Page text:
Last Updated on March 19, 2022 by Admin
The Marble Queen Pothos (Epipremnum Aureum ‘marble queen’) is one of the most popular pothos varieties around. This is because of its beautiful variegated leaves. But, it lags the more popular Golden Pothos because the latter is much easier to care for.
Thus between the two, the choice comes down to ease of care and maintenance (Golden Pothos) vs. beauty and striking appearance (Marble Queen Pothos).
That said, what makes Marble Queen Pothos stunning to look at are its bright-colored leaves which have both green and white/cream colors, with the latter being more dominant than the former.
Additionally, they’re trailing vines makes them perfect for hanging baskets or containers set on high furniture. Although, you can place them in tabletops or windowsills as well.
This pothos variety, like others, are also well-suited for indoor environments making them amazing houseplants. They come from Southeast Asia and Australia. Thus, making them favor tropical conditions.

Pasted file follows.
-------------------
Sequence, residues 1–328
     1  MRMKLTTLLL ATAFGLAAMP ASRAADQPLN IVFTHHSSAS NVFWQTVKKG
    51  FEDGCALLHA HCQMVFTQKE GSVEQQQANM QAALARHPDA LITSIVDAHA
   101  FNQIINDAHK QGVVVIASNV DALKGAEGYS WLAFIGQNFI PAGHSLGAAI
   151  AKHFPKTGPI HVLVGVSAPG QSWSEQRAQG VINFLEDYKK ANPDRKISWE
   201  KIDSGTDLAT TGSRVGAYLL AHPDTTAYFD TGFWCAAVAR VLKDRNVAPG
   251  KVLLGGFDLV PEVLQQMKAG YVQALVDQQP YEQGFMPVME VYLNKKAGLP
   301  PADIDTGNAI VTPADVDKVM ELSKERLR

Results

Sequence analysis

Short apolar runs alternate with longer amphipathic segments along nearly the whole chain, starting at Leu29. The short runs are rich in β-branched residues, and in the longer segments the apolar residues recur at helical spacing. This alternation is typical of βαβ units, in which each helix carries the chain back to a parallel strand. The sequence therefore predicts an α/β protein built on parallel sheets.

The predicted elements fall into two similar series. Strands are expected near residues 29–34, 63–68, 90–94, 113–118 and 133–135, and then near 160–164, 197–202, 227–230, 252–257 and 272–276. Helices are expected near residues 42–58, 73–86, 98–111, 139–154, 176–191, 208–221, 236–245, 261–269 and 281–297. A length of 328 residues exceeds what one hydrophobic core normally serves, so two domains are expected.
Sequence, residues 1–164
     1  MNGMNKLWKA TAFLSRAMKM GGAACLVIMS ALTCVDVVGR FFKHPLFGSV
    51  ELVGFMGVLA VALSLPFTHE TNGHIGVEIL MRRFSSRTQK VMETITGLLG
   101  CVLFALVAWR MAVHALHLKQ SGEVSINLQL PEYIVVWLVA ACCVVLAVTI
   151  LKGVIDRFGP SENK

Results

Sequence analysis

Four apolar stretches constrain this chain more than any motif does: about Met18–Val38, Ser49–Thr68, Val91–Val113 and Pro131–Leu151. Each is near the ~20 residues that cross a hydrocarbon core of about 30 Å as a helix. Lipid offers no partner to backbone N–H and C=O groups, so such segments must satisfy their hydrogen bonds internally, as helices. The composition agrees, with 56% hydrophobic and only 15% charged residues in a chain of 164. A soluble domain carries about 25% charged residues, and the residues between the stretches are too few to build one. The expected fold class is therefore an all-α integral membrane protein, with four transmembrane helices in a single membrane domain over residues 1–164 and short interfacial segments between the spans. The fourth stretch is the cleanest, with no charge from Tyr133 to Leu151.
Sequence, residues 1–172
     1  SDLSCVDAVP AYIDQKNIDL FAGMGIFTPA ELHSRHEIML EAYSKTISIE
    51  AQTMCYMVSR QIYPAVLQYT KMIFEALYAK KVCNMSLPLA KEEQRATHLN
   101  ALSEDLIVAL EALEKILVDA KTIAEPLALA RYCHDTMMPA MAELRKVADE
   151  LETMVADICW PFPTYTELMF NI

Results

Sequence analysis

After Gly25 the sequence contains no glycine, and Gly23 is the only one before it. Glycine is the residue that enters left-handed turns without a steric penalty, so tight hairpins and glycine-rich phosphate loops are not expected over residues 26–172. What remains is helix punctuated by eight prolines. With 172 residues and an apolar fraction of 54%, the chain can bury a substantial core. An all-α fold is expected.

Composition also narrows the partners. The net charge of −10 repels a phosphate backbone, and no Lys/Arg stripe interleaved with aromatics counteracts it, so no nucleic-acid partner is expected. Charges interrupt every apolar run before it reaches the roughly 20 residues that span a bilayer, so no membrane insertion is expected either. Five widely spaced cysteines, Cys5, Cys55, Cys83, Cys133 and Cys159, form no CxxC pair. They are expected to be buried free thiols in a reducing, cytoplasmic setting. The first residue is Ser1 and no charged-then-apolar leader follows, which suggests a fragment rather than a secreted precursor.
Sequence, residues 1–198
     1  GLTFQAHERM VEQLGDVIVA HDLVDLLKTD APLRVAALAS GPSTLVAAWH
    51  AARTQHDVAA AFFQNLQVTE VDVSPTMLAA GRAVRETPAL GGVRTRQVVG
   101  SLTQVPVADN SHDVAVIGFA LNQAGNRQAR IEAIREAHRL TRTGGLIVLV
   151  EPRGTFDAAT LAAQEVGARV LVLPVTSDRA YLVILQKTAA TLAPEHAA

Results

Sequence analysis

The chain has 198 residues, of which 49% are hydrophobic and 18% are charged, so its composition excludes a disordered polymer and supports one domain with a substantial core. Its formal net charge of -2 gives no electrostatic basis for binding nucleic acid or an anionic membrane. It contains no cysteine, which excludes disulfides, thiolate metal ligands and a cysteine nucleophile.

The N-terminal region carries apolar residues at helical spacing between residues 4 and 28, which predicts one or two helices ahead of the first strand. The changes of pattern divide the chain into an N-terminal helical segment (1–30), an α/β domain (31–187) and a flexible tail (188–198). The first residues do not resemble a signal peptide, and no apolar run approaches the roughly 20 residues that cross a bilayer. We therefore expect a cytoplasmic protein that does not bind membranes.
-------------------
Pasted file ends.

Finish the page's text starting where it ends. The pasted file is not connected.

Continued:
Generally a slow grower, the Marble Queen Pothos is perfect if you want a beautiful houseplant that doesn’t take up a ton of space.
Marble Queen Pothos Plant Care
Marble Queen Pothos Light
One of the reasons why pothos plants are easy to care for it is that they do well in different light conditions. More importantly, they tolerate low light environment quite well. In fact, the ideal spot for them is somewhere they can receive moderate indoor light.
That said, Marble Queen Pothos are very popular because of their highly variegated leaves. With this kind of pothos, you’ll need to give it bright, indirect light. Keeping it in areas with too little light will cause it to lose its foliage variegation. So, when this starts to happen, it’s a sign that you need to move it to somewhere brighter.